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Zimbabwe cricket faces financial crisis

Board strapped with debts of US$18 million

Firdose Moonda
Firdose Moonda
Some of Zimbabwe's players were asked to pay their own expenses during the recent T20 tri-series  •  AFP

Some of Zimbabwe's players were asked to pay their own expenses during the recent T20 tri-series  •  AFP

Zimbabwe Cricket has incurred debt amounting to US$18 million and has not paid some of its players, ESPNcricinfo has learned. The board has denied the allegations and said its "financial standing is sound" and it has "never failed to execute our mandate".
The situation came to a head three months ago, when Zimbabwe hosted an unofficial T20 tri-series between themselves, South Africa and Bangladesh, which Zimbabwe won. Midway through the competition, a delegation of players who had not been paid match fees in over a year sought the help of a government minister to ensure the board fulfilled its obligations to them.
Apart from players who had not been paid at all, some were given only allowances, and put up in what an insider called "appalling conditions" for the duration of the event. ZC is also accused of asking some of their own players from outside Harare to pay their own expenses to travel to the capital to compete while Cricket South Africa paid all the costs for its own team to take part in the tournament.
Certain players were "threatened" when they asked about the status of their payments and so looked for outside assistance. The intervention resulted in most of the players been paid, although there remain a few who have not seen any of the amounts owing to them. A source close to the Zimbabwe camp told ESPNcricinfo that five members of the squad who played at the World T20 had not been paid.
This has led to some concerns being expressed over the players' financial well being and whether they will be able to continue playing cricket in the future. "Some of them are the breadwinners of their families and so they can't afford not to be paid," the source said. Zimbabwe's preparations for the World T20 were disrupted because those players who had found other employment were unable to attend some practices.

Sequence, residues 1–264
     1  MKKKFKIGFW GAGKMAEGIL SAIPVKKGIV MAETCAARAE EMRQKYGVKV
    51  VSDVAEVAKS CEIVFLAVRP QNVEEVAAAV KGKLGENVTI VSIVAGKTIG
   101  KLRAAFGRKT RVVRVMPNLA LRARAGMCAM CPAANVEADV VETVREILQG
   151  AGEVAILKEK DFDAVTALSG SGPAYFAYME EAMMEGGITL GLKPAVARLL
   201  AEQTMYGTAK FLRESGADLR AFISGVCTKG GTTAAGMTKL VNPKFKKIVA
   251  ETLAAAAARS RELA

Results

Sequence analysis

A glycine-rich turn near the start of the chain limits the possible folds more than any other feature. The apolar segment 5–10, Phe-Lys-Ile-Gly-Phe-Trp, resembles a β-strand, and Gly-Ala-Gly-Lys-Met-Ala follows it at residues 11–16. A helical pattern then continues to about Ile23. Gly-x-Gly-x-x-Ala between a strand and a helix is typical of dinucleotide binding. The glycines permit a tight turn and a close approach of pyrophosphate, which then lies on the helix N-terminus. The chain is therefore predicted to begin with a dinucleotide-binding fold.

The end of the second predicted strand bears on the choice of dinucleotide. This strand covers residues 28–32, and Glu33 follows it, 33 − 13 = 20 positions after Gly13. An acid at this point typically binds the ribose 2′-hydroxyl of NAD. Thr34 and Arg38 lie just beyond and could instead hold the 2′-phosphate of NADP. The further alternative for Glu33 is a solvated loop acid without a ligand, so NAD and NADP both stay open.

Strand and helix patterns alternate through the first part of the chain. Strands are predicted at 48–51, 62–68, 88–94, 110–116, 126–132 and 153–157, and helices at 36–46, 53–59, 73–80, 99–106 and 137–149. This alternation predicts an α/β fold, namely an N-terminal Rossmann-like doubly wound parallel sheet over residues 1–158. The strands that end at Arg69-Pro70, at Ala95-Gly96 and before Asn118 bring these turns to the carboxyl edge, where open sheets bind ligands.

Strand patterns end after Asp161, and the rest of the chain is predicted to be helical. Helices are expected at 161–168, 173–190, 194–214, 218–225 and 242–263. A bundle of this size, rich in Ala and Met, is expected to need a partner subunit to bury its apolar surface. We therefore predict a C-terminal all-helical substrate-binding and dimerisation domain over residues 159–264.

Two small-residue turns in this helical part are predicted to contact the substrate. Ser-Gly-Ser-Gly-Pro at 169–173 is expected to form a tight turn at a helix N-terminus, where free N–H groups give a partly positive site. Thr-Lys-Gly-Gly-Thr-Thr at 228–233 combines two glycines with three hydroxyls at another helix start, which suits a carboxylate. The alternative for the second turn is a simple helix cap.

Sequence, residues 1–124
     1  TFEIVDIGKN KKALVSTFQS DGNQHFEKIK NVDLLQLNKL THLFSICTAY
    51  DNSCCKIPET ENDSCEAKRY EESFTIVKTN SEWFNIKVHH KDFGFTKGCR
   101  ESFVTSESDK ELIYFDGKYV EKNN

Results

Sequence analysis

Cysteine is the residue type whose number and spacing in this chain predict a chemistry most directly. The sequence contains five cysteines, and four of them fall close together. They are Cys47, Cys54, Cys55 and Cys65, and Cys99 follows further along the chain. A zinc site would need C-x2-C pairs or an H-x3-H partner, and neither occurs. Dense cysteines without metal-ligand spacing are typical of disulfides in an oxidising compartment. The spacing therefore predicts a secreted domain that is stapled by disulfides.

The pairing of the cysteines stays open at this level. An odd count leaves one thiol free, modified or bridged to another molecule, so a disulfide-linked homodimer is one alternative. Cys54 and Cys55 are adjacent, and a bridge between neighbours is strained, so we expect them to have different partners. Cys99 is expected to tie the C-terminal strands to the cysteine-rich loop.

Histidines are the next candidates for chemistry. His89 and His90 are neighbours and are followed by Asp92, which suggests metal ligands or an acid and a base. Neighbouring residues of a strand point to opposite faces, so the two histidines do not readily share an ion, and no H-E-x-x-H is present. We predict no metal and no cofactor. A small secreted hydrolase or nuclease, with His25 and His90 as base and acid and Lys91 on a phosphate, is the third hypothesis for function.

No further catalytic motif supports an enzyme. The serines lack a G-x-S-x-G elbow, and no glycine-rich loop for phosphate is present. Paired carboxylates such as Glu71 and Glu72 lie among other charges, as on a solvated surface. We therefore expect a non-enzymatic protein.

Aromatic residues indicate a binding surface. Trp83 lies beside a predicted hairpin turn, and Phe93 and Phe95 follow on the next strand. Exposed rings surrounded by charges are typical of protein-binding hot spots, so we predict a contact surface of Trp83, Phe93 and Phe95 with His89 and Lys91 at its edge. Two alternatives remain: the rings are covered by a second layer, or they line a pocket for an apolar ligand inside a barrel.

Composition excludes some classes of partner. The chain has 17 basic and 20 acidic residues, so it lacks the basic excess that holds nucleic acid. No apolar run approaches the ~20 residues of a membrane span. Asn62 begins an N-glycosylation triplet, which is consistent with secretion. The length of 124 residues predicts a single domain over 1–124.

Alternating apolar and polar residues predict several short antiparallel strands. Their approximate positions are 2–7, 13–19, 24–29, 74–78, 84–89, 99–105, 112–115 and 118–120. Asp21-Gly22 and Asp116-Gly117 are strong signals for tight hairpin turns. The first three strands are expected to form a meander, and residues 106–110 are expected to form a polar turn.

Alistair Campbell, chairman of the cricket committee, said he was "not aware," of any non-payment*. He said the 10 central player contracts were renewed in August, in keeping with the annual date for their turnover and that any players were told when their paperwork would be in order and all payments had been made. He conceded that ZC does have some "financial concerns" but said they are making efforts to sort it out.
Campbell referred to the body moving out of its headquarters at Harare Sports Club two weeks ago. It was reported in the local media that ZC were forced out because they had not paid their rent, a charge ZC denies. It said it chose to move to property it owns in the suburb of Highlands for cost-cutting purposes. "Like every other company, ZC has had to review its expenditure within the framework of the current economic conditions," the board said in a statement. "It does not make sense for an individual or company to pay rentals when they have a property that can be utilised for the same purpose."
ZC was previously not able to fit all its staff into the Highlands office but has since trimmed its administrative roster. "Harare Sports Club remains an international cricket ground and we are likely to have satellite offices there during international games," the board said.
Zimbabwe are scheduled to host Bangladesh in a series that was postponed from August this year, but no dates have yet been set for that tour. Talk that the delay was partly caused by ZC's cash-flow problems has been squashed by the board, which insists it remains able to provide the necessary finance to run cricket in the country. "We have prepared and equipped a national team to represent us at the World Twenty20, the domestic season is set to commence on schedule, our franchise system continues to function, and our age-group teams have been well represented on the international arena," ZC said.
While Zimbabwe does have a functional franchise system, there is no active second-team competition and club cricket has suffered. ZC has little means of making money, with incoming tours often costing more than is made from selling television rights. The board made losses on all three series it hosted last year, and although it has sponsorship arrangements, these do not offer them enough money to fully fund cricket in the country.
*09:20 GMT, September 26: This story has been updated.

Firdose Moonda is ESPNcricinfo's South Africa correspondent